He's also forced a fumble and knocked away two passes. But the big thing that makes "Spoon" worth the Pro Bowl selection is his leadership on and off the field. While he was injured the past three games, he was on the sidelines cheering his guys on.
When the defense was off the field, he was acting like a coach trying to help Akeem Dent fill in his role by showing him where he would make mistakes on the field. The 24-year-old may miss a Pro Bowl this season, but the Cornelius Bennett clone will get into a bunch by the time he hangs up his cleats.
Thomas DeCoud deserves to be the NFC representative for free safety because he's the best coverage safety in the NFL today. While, yes, he is a sure tackler and someone who can play well in the run game, DeCoud's new role as the center fielder has brought out the best in his play.
He's only been targeted 16 times all season and allowed a completion percentage of just 43.8 percent—or seven catches. Of the nine incompletions, four of the passes have been intercepted while three have been knocked away.
He also hasn't been burned for a touchdown and has allowed just 83 yards all season—good for 5.19 yards per target. This gives him a passer rating allowed of just 20.6. It's the lowest allowed by any safety who has played over 75 percent of the snaps this season.
What helps his case even more is that over the past four games, quarterbacks have targeted him just once, a 5-yard completion in the Cowboys game. For his coverage skills alone, DeCoud deserves to be in the Pro Bowl.
William Moore is an all-around beast at the safety position. While Thomas DeCoud is the true center fielder every team loves to have for free safety, Moore is the free-roaming, hard-hitting back breaker teams love to have at strong safety.
He's excellent against the run and has saved multiple plays from becoming easy touchdowns. But the biggest thing Moore does that makes him worthy of a Pro Bowl is his unique ability to separate a receiver from the ball as they are coming down with a catch.
By doing this, he not only kept the momentum in favor of the Falcons, they could very well be 7-3 instead of 9-1 without those two big hits. Game-winning plays are a way to earn a Pro Bowl in my eyes.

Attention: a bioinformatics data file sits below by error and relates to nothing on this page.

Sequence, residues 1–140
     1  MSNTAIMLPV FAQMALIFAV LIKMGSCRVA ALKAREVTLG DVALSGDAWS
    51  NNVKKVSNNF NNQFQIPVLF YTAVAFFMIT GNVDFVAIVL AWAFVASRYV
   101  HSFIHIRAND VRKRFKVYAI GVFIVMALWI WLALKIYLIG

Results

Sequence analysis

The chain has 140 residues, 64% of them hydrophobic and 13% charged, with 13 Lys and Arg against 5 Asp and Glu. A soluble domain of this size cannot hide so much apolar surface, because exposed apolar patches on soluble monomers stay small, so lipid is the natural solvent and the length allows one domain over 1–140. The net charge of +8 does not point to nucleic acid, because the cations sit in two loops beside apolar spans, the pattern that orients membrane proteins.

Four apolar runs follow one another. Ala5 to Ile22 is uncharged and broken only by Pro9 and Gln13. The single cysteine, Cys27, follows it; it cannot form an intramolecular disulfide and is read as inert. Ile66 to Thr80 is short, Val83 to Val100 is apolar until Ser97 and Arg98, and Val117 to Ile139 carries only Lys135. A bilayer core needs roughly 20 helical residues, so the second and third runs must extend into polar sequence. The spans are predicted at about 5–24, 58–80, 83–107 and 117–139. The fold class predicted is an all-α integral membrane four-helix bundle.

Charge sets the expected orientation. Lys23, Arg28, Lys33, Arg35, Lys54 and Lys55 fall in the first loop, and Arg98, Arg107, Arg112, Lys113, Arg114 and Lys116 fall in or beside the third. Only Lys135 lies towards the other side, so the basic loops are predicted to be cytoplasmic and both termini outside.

Matt Bryant has been one of the best kickers in the NFL over the past three years in terms of his overall percentage. He was top five in the NFL for field-goal percentage in 2010 and 2011, and this year he has been the most clutch kicker in the league.
On game-winning attempts versus both Carolina and Oakland, his kicks didn't just go right through the middle of the uprights. They also had another 5-10 yards on them each. That's the kind of stone cold player you want in that situation.
His 25-for-28 on the year includes a perfect 3-for-3 from 50 yards or more and his only misses are from 43, 37 and 43 yards respectively. Including two in a game against the Cowboys that looks to be more of an off day than anything else.
This veteran kicker definitely deserves a Pro Bowl bid before he finishes his career though, and hopefully, it's this year.
While he's listed as a special teams player for the Pro Bowl voting, Kroy Biermann plays a bit of everything for the Falcons. He's been lined up at linebacker, at defensive end, at defensive tackle and also as a gunner and blocker on the special teams units. As JTFalcon804 tweets, the only way to get more out of him is this:
His all around versatility combined with his overall heart and talent level deserves to be in the Pro Bowl. Biermann has endeared himself to Falcons fans because of these qualities. And with the kind of versatility, a special team designation for him would be perfect as he is one of the players who can do it all.
Scott Carasik is a Featured Columnist for Bleacher Report. He covers the Atlanta Falcons, NFL and NFL Draft. He is also the Falcons analyst at Drafttek, runs the NFL Draft Website ScarDraft.com and hosts Kvetching Draftniks Radio.